Your First (and Second) Ham Transceiver

We recently completed a Technician License class that produced a herd of new ham radio licensees. This always leads to a discussion of what radio should I get? Often, this is centered on the idea of getting a handheld VHF/UHF radio to get started. That is a good first move. However, for many new hams it is worth looking ahead a bit to potential future purchases.

Handheld Transceiver (HT)

Let’s start with an HT. Even if your ham radio future is going to be on the high-frequency bands, an HT is a useful tool to have. After all, FM VHF is the Utility Mode for ham radio. Many new hams opt for an inexpensive Chinese radio such as the Baofeng UV-5R. Recently, I’ve been steering them toward the slightly more expensive Yaesu FT-4XR (around $70).

A basic handheld radio.

It is a significantly better radio than the UV-5R but still affordable. Some new hams decide to spend more on an HT, which is also a good option. There are many radios to choose from in the $150 to $350 range.

For hams just interested in local (perhaps emergency) communications, this might be the only radio they get. If it meets your needs, that’s just fine.

FM VHF/UHF Base Station

Another option to consider is to set up a more capable station at your home, focused on FM VHF/UHF operating. This is probably going to be a dual-band radio that covers 2 meters and 70 centimeters, FM only. One way to do this is to use a mobile transceiver powered by a DC power supply and connected to an external antenna on the roof.

A mobile transceiver deployed as a base station.

With higher power (50W typical) and a good antenna mounted in a high location, this type of station has better range than an HT. See A VHF FM Station at Home and Considering a VHF/UHF Antenna For Your Home.   This could be your first radio but why not have an HT in your toolkit?

The All-Band Base Station

Many new hams have their eyes on working distant stations via the high-frequency bands. For many people, this is what ham radio is all about. (Honestly, you’re going to need your General license to really participate on these bands.)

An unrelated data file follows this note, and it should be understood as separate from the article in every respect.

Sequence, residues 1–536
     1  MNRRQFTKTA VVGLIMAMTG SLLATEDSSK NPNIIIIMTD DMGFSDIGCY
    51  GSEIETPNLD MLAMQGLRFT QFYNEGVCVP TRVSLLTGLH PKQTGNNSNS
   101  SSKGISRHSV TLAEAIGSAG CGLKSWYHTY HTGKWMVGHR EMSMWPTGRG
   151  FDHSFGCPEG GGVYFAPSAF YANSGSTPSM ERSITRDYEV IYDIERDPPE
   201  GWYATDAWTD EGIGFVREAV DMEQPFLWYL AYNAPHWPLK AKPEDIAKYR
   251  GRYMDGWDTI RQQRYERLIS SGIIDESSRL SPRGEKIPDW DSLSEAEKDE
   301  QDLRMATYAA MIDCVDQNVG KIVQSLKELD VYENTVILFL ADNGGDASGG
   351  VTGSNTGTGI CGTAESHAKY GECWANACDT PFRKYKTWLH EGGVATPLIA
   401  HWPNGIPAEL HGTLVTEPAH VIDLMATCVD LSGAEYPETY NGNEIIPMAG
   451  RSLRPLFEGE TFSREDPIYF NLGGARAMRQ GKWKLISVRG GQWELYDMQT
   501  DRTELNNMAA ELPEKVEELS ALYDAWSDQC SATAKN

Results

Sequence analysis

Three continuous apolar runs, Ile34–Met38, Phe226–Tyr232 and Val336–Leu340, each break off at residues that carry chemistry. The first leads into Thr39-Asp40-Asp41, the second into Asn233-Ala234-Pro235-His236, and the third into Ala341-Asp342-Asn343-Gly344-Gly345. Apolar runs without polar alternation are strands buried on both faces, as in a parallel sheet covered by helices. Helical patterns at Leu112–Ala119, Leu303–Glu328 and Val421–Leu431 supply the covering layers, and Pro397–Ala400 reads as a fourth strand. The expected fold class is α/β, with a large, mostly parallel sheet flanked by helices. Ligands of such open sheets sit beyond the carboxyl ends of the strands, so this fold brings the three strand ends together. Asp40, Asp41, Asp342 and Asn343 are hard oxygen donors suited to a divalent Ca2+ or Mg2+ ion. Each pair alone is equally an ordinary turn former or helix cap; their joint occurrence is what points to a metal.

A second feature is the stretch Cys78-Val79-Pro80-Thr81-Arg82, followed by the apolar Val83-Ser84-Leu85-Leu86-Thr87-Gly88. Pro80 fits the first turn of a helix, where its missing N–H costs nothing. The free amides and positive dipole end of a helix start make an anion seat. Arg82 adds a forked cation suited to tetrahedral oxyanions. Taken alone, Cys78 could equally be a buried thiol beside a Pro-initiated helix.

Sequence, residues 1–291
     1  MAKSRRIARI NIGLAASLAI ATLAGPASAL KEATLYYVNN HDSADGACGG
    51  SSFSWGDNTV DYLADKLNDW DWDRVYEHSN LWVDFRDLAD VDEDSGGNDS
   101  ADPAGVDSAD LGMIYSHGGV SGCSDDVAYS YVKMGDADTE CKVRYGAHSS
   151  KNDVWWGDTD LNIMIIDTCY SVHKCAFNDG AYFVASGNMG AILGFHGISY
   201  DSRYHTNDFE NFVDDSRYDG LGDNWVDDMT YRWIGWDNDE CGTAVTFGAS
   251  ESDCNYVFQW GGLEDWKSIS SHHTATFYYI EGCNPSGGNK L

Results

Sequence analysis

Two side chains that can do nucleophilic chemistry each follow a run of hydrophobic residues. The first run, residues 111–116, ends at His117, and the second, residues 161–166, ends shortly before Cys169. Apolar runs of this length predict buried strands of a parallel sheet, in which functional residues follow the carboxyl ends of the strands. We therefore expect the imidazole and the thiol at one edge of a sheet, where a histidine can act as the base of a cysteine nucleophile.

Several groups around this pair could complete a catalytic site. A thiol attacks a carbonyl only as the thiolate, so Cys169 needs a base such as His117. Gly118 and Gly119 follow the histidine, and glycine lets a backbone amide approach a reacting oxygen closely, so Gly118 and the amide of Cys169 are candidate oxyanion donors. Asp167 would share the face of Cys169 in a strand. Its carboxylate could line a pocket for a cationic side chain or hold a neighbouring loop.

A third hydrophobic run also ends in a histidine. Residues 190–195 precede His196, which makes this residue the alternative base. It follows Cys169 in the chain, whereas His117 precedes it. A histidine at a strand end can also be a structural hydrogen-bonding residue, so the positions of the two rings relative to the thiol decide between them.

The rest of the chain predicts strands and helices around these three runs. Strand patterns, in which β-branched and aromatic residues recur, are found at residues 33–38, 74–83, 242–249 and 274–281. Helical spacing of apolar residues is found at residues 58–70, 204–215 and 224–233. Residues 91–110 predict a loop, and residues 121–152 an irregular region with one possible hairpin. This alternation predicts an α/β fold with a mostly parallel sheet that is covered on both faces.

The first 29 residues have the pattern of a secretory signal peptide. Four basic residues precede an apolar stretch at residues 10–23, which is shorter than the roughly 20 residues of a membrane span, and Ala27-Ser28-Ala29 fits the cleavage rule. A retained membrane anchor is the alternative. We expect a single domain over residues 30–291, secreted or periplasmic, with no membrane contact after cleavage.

Yaesu FT-991A all band transceiver

The equipment manufacturers have developed the Do Everything Transceiver that covers 160m though 70 centimeters in one box. (Well, they do leave out the 1.25m band which is lightly used in North America.) The leader in this category is arguably the Yaesu FT-991A. This type of rig has the advantage of providing all modes on all bands, including SSB on 2 m and 70 cm. While most VHF/UHF activity is FM, SSB (and CW) can be a lot of fun.

Setting up operations on multiple bands will require some additional antennas. This can be a deep topic so take a look at this introductory article to understand it better: Antennas…How Many Do I Need?

Two-Radio Base Station

Another approach that many hams adopt is to build their home station around two radios: a 2m/70cm radio to cover local communications and a high frequency (HF) radio for the lower bands.

The 2m/70cm radio is the same idea as the FM VHF/UHF Base Station mentioned previously.  It is really handy to be able to leave this radio on your favorite 2m frequency while still having another radio available to operate HF. Compare this to the All Band Transceiver approach which can normally only receive one frequency at a time.

A very popular HF radio these days is the ICOM IC-7300. Like many HF rigs, it covers the HF bands of 160m through 10m AND tosses in the 6m band, too. Recall that 6 meters is actually a VHF band but the general trend is to include this band in HF rigs.

ICOM IC-7300 HF plus 6m transceiver

The Mobile Station

Another popular operating style is to have a transceiver in your vehicle. Because our society is so mobile, this approach can be very compelling. This might just be an HT that you take with you when mobile. The rubber duck antenna might be sufficient but an external (magnetic mount?) antenna can really improve your signal.